There was also one student who wrote a blog post about how to survive the MOOC,

and there is a Discussion Forum Thread about dealing with the massiveness of the MOOC.

Awarding participants who make particularly positive or helpful contributions is another crucial feature of participatory communities. As Ito et al. note in Living and Learning with New Media (2009), unlike when students are “graded by a teacher in a position of authority, feedback in interest-driven groups is … one of peer-based reciprocity, where participants can gain status and reputation but do not hold evaluative authority over one another” (64). Instead of “grading” a community member, participants are awarded status for contributions that other participants appreciate. Importantly, these rewards do not devalue others in the community; instead, they encourage all learners to refine their skills so they may also earn community rewards. In eLearning and Digital Cultures, such awards abound in each of the different mediums through which you can interact with peers: in the discussion forums, you can “vote up” responses that you find particularly helpful (similar to Reddit or Digg), you can “like” posts on Facebook, you can “favorite” or “retweet” posts on Twitter, and the winners of the week three image contest were determined by Flickr’s “interestingness” rating (which is based on comments, favorites, and clickthroughs).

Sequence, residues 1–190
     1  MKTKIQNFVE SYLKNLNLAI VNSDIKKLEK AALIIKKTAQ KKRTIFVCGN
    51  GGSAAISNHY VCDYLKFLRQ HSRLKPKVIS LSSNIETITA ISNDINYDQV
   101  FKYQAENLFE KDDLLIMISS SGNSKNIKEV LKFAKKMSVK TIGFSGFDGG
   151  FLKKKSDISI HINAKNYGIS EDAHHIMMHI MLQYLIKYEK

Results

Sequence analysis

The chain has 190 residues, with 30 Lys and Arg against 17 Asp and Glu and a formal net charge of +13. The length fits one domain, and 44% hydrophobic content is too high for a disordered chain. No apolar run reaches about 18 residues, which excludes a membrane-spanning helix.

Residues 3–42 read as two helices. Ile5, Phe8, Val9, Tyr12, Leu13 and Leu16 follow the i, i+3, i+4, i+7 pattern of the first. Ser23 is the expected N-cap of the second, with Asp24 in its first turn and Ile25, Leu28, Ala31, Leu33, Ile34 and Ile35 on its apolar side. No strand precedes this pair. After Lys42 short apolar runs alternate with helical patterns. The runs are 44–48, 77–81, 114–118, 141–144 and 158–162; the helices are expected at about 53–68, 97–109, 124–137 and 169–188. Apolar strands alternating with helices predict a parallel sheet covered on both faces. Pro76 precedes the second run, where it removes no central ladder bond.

The lack of centralized authority is one feature that leads Jenkins to argue that participatory communities foster informal learning and are thus distinct from formal education systems. Jenkins says formal education is conservative, static, institutional, difficult to change, bureaucratic, and fixed; he says informal learning, on the other hand, is experimental, innovative, provisional, easy to evolve, ad hoc, and mobile (11). eLearning and Digital Cultures encourages informal learning, but it also occurs during a fixed time period and contains some of the trappings of formal education like specific reading assignments and forced conversation about those readings. However, each student chooses how formally she approaches the materials, a luxury that is rarely part of formal education.